# Algebraically maximal valued fields

Does anyone know of an elementary proof that an algebraically maximal field is Henselian (ie one that does not assume knowledge of henselizations)?

Definitions: We say a valued field $(K,v)$ is algebraically maximal if it has no proper algebraic intemediate extensions, that is any algebraic valued field extension of $(K,v)$ either increases the value group or the residue field.
We say a valued field is Henselian if if satisfies Hensels lemma, for instance any polynomial $X^n+X^{n-1}+a_{n-2}X^{n-2}+...+a_0$ with $v(a_{n-2}),...,v(a_0)>0$ has a root $b$ in $K$ with $v(b)\geq 0$.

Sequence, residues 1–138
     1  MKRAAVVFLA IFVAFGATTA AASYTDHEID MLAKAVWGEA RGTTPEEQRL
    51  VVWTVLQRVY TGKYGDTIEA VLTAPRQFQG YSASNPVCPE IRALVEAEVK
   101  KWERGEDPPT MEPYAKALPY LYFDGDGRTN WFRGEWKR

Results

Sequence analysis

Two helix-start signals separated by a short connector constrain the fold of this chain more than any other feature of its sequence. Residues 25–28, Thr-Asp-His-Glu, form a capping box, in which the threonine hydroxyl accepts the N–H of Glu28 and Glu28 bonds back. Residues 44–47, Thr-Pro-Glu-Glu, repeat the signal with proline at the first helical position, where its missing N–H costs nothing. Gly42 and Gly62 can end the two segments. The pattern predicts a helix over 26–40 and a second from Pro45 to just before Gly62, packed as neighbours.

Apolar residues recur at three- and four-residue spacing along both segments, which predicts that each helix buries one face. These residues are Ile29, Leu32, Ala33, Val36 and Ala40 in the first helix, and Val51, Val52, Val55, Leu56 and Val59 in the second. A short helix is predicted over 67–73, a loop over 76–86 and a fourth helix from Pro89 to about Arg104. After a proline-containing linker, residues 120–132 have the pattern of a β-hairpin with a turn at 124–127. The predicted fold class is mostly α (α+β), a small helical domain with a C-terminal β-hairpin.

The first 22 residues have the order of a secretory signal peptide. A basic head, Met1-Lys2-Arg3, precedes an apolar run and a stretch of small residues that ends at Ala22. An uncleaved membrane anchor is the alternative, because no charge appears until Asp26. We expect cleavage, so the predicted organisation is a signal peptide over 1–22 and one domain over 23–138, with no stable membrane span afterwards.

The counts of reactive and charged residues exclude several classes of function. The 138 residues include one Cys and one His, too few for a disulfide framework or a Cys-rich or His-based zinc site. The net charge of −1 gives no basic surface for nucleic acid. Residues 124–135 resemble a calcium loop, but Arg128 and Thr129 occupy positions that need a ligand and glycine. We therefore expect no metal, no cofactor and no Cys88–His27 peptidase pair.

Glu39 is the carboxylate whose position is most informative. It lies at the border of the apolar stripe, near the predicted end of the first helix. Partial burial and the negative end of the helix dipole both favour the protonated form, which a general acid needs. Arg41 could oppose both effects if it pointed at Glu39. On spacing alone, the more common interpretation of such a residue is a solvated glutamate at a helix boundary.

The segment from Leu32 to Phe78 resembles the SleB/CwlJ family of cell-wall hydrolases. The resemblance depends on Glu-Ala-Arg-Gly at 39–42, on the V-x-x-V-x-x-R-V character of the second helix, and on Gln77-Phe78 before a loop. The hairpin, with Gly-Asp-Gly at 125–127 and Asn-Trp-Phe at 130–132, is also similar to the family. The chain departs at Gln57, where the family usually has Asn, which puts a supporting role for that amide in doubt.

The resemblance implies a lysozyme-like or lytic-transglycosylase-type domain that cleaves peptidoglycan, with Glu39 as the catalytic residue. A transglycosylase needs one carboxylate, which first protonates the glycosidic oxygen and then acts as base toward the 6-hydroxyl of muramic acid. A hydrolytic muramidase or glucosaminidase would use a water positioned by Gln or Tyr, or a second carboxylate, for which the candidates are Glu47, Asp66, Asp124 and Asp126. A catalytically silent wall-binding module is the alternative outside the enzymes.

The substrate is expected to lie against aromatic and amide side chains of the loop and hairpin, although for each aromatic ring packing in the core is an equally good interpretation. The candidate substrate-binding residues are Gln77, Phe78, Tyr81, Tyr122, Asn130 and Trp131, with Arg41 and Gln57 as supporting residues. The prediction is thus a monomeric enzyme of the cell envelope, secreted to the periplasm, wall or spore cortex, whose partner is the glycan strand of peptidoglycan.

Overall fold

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Does the "obvious" approach not work? Assume the field is not Henselian, choose a counterexample polynomial $f(X)$, then look at the algebraic field extension $K[X]/f(X)$? (I suppose you need to show that if $f$ is reducible, that one if its factors is a counterexample polynomial) –  Hurkyl Nov 23 '11 at 17:29
The problem here is that you somehow need to put a valuation on $K[X]/f(X)$ which does not increase the value group or the residue field. –  Conrad Nov 24 '11 at 11:43